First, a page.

Two articles1,2 and a commentary3 concerning the use of oronasal (ON) masks for treatment of obstructive sleep apnea (OSA) were published in a recent issue of the Journal of Clinical Sleep Medicine (JCSM). Such interfaces are also known as full face masks. Physicians who have entered the field of sleep medicine in the past 15 y probably cannot remember a time when ON masks were not available for use for positive airway pressure (PAP) treatment of OSA. From the first description of continuous positive airway pressure (CPAP) as a treatment for sleep apnea in 19814 until 1994, the terms CPAP and nasal CPAP were virtually synonymous. Essentially all CPAP treatment of OSA was via a nasal mask (or nasal pillows mask). Use of ON masks had been described for treatment of acute respiratory failure but not OSA. In fact, it was believed that ON-CPAP would not work in patients with OSA.5,6 However, in 1994 two papers were published asserting that ON masks might be an acceptable treatment alternative for OSA. The first paper was authored by Glen Prosise and myself7 and the second a few months later by Sanders and coworkers.8 Neither group was aware of the other's use of ON-CPAP. Because we had patients unable to tolerate PAP titration with a nasal mask due to severe nasal congestion, we chose to develop and study an ON mask. When we began the project, we were not aware of a commercially available ON mask for OSA treatment. Rather than use a mask designed for treatment of respiratory failure, Glen hand-made a custom mask for each patient using a thin rubber membrane wrapped over the opening of a full face mask designed for bag-mask ventilation. An appropriatesized hole was cut in the membrane to allow entry of the nose and mouth. Pressure pushed the membrane out against the face and provided a reasonable seal without the need for an uncomfortable level of strap tightening. An orifice in the mask prevented rebreathing of carbon dioxide. We studied a group of 10 patients who did not tolerate CPAP titration because of severe nasal congestion. During titration with the ON mask the apnea-hypopnea index (AHI) was reduced from a baseline of 58.3 to 5.2 events/h. We were gratified to see that the ON mask worked but were hesitant to submit our findings for publication given the widespread view that ON-CPAP would not work. A potential objection to our findings was the possibility that our patients breathed entirely through the nose. We hypothesized that patients might breathe nasally, orally, or with a combined oral and nasal route during some portions of the night. Therefore, we studied 5 of the 10 patients using a dual-chamber mask that was partitioned into nasal and oral portions, each with a separate pneumotachograph to measure airflow. Using a Y connector both the nasal and oral mask chambers were administered the same PAP during a titration sleep study. The partition separating the two chambers was sealed to the face with an adhesive polymer. During wake, combined oral and nasal breathing was present for 89% of the time, but combined oral and nasal breathing was present for only 54% of the time during sleep. During wake and sleep, nasal breathing was present when combined breathing was absent. In three of five patients, ON breathing was noted less than 40% of the total sleep time with nasal breathing present during the majority of sleep. Of interest, we later converted 6 of our original 10 patients to nasal CPAP after intensive medical treatment of their nasal congestion. Four patients continued to use the ON mask until commercial masks were available. In the discussion of the publication, we pointed out several potential difficulties with ON masks, including the difficulty sealing over a large area and the potential for tight straps to pull the mandible down and posteriorly, potentially narrowing the upper airway. Sanders and coworkers8 subsequently reported on 30 patients titrated with an ON-PAP after retrospective review of their titration experience over a 2-y period. The indications for using an ON mask were intractable mouth leak and inability to breathe nasally even with the use of heated humidification. ON-PAP was very effective in patients titrated with the ON interface. There was concern that success might be ascribed to a closed mouth under the ON mask. Therefore, the effectiveness of ON-CPAP was demonstrated in two patients who slept with a mouthpiece under the ON mask designed to maintain oral patency (but not move the tongue anteriorly). This ensured that a closed mouth was not needed for ON-PAP treatment success.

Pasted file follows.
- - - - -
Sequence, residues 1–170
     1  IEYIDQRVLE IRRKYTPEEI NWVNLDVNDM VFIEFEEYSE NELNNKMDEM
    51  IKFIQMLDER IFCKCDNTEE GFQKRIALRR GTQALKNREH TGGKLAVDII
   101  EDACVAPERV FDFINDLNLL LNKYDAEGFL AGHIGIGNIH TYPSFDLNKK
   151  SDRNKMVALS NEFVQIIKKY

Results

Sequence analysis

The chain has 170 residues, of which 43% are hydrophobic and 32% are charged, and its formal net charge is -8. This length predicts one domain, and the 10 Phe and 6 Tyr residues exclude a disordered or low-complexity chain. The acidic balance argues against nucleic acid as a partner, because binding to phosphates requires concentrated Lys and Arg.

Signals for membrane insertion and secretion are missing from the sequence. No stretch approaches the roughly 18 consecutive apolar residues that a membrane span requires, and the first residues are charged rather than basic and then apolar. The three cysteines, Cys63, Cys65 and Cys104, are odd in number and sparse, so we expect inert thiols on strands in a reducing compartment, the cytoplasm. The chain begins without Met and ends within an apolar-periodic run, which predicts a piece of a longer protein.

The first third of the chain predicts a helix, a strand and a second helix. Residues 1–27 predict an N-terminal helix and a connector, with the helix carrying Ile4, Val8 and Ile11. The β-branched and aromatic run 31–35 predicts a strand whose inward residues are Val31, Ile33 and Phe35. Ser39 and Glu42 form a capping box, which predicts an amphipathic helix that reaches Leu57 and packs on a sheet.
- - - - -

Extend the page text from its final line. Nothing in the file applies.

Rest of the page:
More than 20 y after the two 1994 publications, ON masks are widely used (perhaps too widely used). They continue to be a useful interface alternative but the patient responses may vary considerably. Some patients simply will not accept PAP treatment without the option of an ON mask. In other patients, as described in the recent JCSM publications, the use of an ON mask is associated with a higher treatment pressure, mask leak, and residual AHI. In some cases, a change to a nasal interface from an ON mask can substantially lower the treatment pressure, reduce mask leak, and improve the AHI. The published evidence supports the recommendation to start with a nasal (or nasal pillows) mask with a switch to an ON mask only for the inability of a patient to breath nasally or a large mouth leak (assuming a chin strap fails).